The triple top pattern usually indicates that the existing bullish trend is over and that a bearish trend is about to begin. It is called a reversal pattern because it usually marks the point at which an uptrend reverses and becomes a downtrend. A triple top is typically formed when price rallies, hits a resistance level (top) and falls back, then rallies again, hits the same resistance level and drops before embarking on a third rally to the same peak and dropping to complete the third top. A triple top is very similar to a double top, with the only difference being that a double top only has two peaks.
How to trade the triple top
The triple top is said to be complete when the price hits the third peak and drops below the previous two lows, indicating that a downtrend is now in full force. This means that it is time to exit any long trades that you had running on the affected instrument and consider entering into short trades. However, many traders may not have the patience to wait for the third peak (top) to be completed before making their moves as they may prefer to make their moves much earlier. In such cases, it is prudent to consider trading the double top pattern, especially when it comes to exiting long trades.
Chart 1: Triple top pattern on USD/CHF 1-hr chart
The triple top pattern is indicated by the three red arrows shown above.
The advantage of exiting long trades when the double top pattern is almost complete is that you are likely to keep most of your profits. However, entering into short trades once the double top pattern is complete may lead to you booking significant drawdowns if the pattern changes and a third top starts forming. This is because your short trade taken at the bottom of the second retracement will become negative as price rises to hit the third top. In this case, you might actually have a losing trade if your initial stop loss placement was below the recent highs, which is why you should always place your stop-loss order at a safe distance.
Chart 2: The triple top pattern on the EUR/USD 1-hour chart
The above chart is an example of a triple top pattern that formed on the EUR/USD currency pair’s 1-hour chart at the time of writing. As you can see, nothing in trading is perfect; the first top actually spiked above the resistance level before quickly falling back and heading lower. The second top also spiked past the first resistance level but did not go as high as the first spike, which shows that the bullish momentum was weakening. The third touch did not even get to the first resistance level, indicating that the bears were winning the battle for control of the currency pair’s price. The resulting retracement was proof that the bears had now taken full control of the currency pair’s price and were intent on pushing it much lower.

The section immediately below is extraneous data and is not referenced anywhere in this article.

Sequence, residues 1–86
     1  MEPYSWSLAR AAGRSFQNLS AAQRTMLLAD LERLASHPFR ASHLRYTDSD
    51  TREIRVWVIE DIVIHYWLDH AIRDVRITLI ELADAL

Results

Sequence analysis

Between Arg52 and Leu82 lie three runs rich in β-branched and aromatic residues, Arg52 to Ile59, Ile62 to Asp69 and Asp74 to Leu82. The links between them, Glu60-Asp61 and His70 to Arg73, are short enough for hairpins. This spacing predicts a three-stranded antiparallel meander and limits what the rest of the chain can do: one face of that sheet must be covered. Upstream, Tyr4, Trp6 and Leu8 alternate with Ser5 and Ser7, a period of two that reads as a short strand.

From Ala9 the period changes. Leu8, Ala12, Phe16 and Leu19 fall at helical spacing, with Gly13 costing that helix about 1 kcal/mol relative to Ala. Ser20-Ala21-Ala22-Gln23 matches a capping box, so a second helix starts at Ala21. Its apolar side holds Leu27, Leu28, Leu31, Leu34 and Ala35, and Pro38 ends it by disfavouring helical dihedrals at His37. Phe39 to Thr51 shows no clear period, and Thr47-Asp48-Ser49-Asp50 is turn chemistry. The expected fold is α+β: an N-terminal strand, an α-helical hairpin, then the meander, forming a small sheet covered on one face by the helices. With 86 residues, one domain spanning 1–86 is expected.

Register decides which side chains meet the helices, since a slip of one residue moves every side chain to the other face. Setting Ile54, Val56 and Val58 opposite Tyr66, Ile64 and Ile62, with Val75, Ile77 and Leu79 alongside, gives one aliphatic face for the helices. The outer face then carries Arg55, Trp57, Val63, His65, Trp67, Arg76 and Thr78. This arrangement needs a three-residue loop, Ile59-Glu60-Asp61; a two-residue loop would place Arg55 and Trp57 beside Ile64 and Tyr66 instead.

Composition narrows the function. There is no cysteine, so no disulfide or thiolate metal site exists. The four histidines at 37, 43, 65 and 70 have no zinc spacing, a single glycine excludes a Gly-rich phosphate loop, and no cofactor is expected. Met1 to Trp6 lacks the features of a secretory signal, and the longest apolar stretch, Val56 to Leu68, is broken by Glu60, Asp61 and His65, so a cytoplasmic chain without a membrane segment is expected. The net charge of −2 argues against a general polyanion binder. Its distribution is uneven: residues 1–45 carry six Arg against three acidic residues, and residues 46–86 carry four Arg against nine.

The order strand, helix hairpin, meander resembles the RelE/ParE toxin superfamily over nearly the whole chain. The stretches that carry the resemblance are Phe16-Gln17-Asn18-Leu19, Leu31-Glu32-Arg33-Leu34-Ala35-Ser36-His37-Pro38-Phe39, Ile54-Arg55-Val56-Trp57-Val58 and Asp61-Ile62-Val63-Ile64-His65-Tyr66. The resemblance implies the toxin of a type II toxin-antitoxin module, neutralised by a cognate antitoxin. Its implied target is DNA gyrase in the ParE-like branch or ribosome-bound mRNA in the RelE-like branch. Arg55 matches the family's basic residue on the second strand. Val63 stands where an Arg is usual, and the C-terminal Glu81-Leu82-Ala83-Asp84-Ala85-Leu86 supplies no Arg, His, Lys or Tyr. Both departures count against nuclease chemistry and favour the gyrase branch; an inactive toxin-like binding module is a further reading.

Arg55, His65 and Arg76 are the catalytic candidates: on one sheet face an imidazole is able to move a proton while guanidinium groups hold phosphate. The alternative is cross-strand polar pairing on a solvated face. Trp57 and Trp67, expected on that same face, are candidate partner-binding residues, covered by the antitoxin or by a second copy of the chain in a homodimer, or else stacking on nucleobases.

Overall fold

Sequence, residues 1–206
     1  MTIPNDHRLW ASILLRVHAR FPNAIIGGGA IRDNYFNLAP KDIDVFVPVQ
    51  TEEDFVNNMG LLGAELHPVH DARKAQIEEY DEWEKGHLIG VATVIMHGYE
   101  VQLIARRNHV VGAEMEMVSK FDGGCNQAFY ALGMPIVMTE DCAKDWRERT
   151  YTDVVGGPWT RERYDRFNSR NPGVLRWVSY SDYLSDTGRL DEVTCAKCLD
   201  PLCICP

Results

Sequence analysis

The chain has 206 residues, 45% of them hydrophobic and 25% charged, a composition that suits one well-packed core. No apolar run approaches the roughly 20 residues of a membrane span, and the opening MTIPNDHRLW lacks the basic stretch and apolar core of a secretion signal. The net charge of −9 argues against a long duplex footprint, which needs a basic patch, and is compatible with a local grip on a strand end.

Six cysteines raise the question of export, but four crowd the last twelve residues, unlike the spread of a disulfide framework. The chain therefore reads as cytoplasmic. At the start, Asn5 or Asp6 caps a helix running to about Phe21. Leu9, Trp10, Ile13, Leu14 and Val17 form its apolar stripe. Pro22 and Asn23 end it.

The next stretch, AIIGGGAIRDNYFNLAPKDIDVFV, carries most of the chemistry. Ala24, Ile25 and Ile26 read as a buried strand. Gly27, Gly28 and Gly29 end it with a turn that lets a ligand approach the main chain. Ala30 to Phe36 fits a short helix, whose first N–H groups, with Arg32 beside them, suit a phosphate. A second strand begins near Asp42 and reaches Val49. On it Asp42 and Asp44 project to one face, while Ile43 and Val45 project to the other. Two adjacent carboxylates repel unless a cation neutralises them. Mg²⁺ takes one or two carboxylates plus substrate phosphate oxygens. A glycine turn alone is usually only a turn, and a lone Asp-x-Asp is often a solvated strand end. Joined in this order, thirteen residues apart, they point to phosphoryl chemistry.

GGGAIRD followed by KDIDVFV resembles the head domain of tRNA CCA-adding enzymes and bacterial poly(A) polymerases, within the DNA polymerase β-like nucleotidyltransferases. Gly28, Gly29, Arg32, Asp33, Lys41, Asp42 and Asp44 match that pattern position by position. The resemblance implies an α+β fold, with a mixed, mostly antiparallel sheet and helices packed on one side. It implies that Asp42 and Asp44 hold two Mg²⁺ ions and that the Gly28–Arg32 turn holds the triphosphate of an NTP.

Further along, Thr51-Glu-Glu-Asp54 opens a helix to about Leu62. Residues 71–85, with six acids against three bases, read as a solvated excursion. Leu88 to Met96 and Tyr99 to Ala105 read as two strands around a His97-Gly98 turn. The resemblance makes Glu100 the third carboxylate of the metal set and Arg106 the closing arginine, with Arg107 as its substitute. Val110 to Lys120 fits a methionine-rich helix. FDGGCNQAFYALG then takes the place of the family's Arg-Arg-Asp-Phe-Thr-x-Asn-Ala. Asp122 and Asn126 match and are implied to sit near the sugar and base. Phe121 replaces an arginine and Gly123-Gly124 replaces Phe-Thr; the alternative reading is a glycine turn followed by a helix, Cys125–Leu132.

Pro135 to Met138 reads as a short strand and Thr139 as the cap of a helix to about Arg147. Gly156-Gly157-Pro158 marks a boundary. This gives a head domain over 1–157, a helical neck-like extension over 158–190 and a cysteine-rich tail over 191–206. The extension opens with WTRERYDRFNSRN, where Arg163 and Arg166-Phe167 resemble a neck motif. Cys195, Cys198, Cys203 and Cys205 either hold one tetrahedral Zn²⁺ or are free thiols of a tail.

How to trade the triple top setup shown above
The first step in trading the above pattern is to zoom out and get the wider context behind the current price setup.
Chart 2: Zoomed-out EUR/USD 1-hour chart
The zoomed-out image above shows us the triple top pattern was forming at a prior support level that had turned into resistance once price broke below the level. This chart gives us a good background on which to base our analysis because it gives us confidence that price is likely to keep falling if the resistance level holds, and this is exactly what happens.
This is a technique used by all professional traders. You should always consider the overall price context when trading any particular pattern to estimate the likelihood that the pattern will actually hold.
There are two ways to trade the above pattern, depending on whether you are an aggressive trader or a conservative one. An aggressive trader would have entered into the above trade on the second red (bearish candle) based on the fact that price could not even reach the prior high before the bears took full control.
A conservative trader would have waited for the full pattern to play out and would have entered the trade at the prior lows.
The bottom line
The key to successfully trading the triple top pattern is to look at the bigger picture and avoid trading the pattern in isolation so you can minimise the number of losing trades you enter into based on the pattern.